Monday, April 16, 2018

War Birds Have Bird Brains

Friday night I was really concerned, fearing that WW3 had begun, but by the next morning what I saw was a lot of yelling, fulminating, chest thumping and almost certainly a lot of lying by everyone involved. The whole thing is now beginning to resemble a comedy, except that we may not have seen the final chapter of it yet.

Actually, barring further escalation, the whole thing is mostly rather embarrassing at this point. My present conclusion is that we made an enormous production out of blowing up several empty buildings to “punish” Assad for a chemical weapons attack that not only did he not perpetrate, but which almost certainly never actually happened at all.

The US, Britain and France fired over 100 cruise missiles from airplanes and ships, which Russia said they would retaliate against but so far have not, other than with words like “violation of sovereignty.” I have no idea why they think such a charge would give this nation any cause for concern. The US violates the sovereignty of other nations on a frequent basis; it’s what we do best.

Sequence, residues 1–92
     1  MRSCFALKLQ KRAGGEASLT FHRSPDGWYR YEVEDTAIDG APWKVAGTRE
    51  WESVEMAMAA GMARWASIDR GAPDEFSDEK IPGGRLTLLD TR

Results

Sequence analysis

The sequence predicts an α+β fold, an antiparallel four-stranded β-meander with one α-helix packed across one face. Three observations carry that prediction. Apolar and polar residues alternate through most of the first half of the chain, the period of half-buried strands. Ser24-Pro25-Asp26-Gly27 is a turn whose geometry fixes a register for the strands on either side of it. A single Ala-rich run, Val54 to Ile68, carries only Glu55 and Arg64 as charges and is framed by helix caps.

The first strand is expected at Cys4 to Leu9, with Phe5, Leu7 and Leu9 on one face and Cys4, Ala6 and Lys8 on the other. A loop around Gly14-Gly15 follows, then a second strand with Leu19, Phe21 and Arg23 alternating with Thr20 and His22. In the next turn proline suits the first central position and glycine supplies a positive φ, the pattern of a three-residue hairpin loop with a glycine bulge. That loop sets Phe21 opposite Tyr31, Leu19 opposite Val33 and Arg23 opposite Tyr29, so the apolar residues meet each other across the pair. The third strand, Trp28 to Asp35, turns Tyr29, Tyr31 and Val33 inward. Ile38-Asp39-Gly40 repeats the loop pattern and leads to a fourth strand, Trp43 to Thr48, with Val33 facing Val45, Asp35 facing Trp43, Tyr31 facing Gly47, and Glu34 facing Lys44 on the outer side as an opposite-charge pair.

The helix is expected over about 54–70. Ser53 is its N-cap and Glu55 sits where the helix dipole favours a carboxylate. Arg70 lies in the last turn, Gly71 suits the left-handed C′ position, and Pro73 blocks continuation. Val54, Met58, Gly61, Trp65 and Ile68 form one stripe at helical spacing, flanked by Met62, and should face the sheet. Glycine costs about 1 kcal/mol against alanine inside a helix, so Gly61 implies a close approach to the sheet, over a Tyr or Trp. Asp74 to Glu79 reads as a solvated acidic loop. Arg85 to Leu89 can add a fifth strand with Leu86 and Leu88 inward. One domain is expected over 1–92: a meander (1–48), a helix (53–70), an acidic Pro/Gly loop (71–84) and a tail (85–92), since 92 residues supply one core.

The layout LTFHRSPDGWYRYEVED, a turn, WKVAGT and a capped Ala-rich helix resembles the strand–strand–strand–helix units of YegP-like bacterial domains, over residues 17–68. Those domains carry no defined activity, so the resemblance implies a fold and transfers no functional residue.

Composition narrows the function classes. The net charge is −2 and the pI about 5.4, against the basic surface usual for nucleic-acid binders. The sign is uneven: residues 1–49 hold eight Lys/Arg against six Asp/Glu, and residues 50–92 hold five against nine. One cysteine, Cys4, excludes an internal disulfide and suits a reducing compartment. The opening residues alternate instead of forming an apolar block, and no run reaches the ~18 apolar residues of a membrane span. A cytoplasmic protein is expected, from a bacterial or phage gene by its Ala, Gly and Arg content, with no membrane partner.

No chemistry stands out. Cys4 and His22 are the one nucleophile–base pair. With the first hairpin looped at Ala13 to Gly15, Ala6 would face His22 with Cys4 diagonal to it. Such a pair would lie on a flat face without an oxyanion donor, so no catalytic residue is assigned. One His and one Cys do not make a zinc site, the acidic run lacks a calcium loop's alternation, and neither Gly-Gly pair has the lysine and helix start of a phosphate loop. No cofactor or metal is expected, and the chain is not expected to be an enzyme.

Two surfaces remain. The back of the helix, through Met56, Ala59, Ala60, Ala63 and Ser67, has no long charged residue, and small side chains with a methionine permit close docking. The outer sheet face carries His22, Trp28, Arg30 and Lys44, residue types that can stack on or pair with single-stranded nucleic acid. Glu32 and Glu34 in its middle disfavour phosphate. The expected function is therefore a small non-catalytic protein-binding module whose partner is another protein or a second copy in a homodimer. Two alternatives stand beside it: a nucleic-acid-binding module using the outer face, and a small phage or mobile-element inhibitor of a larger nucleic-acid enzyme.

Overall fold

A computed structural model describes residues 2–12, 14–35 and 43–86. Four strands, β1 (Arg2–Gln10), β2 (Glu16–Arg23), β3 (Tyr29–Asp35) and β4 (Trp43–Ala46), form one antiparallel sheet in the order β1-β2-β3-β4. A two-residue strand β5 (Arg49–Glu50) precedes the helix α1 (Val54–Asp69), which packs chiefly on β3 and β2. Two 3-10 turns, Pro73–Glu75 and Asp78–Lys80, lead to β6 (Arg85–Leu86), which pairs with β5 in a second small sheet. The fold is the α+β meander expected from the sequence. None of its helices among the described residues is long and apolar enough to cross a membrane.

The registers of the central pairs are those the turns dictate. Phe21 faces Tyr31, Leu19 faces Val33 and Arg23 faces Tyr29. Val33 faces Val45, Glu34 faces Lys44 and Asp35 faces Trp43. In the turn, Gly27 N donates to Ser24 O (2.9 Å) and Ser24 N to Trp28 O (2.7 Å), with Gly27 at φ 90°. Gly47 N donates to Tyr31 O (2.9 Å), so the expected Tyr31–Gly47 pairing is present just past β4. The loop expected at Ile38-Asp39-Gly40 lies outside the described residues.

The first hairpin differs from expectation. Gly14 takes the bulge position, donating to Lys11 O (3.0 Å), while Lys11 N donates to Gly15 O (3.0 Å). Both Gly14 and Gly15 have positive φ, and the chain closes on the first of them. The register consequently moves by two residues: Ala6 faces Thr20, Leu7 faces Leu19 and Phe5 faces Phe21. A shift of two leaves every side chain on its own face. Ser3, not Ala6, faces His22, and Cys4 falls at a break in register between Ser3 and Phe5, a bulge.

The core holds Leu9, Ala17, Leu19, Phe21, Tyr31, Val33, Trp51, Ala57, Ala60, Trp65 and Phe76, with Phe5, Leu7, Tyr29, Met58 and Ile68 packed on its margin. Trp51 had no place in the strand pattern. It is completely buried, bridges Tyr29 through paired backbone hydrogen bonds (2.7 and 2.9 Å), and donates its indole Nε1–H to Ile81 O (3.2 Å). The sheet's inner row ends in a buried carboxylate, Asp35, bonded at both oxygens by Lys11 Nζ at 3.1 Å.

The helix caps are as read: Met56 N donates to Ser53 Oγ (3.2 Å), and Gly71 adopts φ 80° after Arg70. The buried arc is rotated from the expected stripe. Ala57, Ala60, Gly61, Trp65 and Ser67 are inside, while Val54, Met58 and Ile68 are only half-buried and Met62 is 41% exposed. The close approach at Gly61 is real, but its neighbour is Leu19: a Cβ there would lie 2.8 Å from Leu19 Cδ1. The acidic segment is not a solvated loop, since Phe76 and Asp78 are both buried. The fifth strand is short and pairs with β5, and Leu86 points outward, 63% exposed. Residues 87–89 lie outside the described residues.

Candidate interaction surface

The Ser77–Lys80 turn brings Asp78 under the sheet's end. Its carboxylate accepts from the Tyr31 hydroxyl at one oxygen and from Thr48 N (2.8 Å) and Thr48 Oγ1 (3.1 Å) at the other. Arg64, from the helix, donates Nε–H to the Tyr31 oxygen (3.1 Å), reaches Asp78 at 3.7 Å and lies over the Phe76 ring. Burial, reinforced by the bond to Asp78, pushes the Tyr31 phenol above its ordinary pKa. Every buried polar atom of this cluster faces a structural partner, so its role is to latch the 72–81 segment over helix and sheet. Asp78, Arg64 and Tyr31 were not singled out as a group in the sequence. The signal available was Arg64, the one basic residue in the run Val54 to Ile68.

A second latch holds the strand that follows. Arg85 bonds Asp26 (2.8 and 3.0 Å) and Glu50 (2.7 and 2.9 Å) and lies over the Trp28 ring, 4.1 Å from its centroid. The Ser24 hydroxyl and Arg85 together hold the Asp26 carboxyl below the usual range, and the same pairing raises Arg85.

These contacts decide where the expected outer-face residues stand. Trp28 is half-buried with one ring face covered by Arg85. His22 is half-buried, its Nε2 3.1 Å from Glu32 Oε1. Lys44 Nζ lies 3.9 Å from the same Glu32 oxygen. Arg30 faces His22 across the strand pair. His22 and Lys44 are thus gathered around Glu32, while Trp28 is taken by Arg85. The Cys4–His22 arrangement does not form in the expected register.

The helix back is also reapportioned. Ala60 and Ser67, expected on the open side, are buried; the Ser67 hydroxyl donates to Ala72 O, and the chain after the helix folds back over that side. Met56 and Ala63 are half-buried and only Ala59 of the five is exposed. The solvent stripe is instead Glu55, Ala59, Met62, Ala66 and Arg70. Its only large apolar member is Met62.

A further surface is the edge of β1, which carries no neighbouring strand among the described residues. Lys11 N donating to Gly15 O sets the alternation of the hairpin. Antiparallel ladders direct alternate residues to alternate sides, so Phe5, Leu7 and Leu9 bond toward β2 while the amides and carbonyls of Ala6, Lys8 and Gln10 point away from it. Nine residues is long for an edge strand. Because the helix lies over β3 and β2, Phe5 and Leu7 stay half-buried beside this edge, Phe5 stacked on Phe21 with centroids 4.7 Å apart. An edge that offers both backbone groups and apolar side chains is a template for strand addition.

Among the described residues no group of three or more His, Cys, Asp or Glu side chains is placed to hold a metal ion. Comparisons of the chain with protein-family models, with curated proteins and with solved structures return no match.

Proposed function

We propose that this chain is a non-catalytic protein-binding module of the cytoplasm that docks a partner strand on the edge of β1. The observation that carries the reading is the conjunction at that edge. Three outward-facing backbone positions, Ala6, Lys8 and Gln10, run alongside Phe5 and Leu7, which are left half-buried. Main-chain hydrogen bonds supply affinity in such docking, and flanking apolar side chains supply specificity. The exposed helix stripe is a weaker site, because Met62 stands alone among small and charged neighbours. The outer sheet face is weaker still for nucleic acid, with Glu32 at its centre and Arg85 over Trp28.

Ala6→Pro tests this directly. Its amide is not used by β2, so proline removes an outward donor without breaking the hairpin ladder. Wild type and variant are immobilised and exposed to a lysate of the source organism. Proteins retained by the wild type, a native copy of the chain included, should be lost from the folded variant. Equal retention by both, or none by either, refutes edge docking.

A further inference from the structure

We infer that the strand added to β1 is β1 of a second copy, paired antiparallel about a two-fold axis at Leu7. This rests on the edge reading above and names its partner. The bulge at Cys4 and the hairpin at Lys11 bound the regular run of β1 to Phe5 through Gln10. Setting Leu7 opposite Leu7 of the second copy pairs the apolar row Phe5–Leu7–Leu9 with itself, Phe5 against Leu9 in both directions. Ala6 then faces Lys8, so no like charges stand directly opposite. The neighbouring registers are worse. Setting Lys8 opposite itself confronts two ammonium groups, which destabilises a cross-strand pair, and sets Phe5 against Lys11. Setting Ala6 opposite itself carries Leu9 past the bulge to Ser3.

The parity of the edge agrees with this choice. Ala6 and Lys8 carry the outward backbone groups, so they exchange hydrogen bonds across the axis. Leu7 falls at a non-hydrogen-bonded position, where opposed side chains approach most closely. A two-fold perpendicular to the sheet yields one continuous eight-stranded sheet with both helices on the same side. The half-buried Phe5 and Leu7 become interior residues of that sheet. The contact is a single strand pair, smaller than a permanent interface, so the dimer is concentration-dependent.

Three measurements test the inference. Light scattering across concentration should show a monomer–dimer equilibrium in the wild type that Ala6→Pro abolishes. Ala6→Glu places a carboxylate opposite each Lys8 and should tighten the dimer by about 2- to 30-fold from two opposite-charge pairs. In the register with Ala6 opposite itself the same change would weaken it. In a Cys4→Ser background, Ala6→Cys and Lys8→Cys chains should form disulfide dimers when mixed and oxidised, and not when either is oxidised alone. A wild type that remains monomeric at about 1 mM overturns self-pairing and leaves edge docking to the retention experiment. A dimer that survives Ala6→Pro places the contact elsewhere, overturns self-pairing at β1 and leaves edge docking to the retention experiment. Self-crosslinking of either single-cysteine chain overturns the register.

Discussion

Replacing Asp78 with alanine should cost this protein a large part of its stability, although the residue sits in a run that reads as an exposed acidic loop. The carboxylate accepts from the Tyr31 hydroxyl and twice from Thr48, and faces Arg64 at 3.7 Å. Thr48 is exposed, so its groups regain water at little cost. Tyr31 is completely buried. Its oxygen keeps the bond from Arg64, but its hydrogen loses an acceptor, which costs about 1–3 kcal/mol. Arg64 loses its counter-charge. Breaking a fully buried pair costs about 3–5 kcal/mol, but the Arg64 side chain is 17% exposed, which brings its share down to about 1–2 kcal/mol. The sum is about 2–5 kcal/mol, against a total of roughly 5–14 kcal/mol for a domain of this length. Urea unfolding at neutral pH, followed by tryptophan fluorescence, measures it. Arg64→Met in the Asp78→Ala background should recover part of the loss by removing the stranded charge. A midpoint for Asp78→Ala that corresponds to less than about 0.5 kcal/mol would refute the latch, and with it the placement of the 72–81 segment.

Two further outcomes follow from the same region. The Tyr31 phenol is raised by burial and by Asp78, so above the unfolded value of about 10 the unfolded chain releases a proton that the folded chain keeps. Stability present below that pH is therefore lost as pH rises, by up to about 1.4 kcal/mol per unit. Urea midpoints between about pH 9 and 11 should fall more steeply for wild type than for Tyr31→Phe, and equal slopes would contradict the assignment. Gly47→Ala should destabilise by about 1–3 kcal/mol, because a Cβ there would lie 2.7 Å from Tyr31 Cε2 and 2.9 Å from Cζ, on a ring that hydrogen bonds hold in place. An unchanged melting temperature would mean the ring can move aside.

Russia pretty much said that since we didn’t kill anyone, only injured three Syrians, and didn’t destroy anything that anyone cared about, other than one civilian research lab which was unoccupied at the time, they are going to take a pass on this one.

Trump said the missile strikes would continue until Assad’s use of chemical weapons stopped, which was a bit odd since even he had not claimed Assad was currently employing chemical weapons as of the day of said missile strike. Which means they had already stopped. Logic, however, is not Mr. Trump’s strong point, so let’s move on.

Mattis, who is being referred to as “General” and as Secretary of Defense, says that this was a one time strike which will not be ongoing, so there is a communication problem here. One of them is obvious and the other is within the media and is with respect to his title, since military officers cannot serve in the civilian government. He is either an Army general or he is Secretary of Defense, but he can’t be both. The media needs to make up their minds.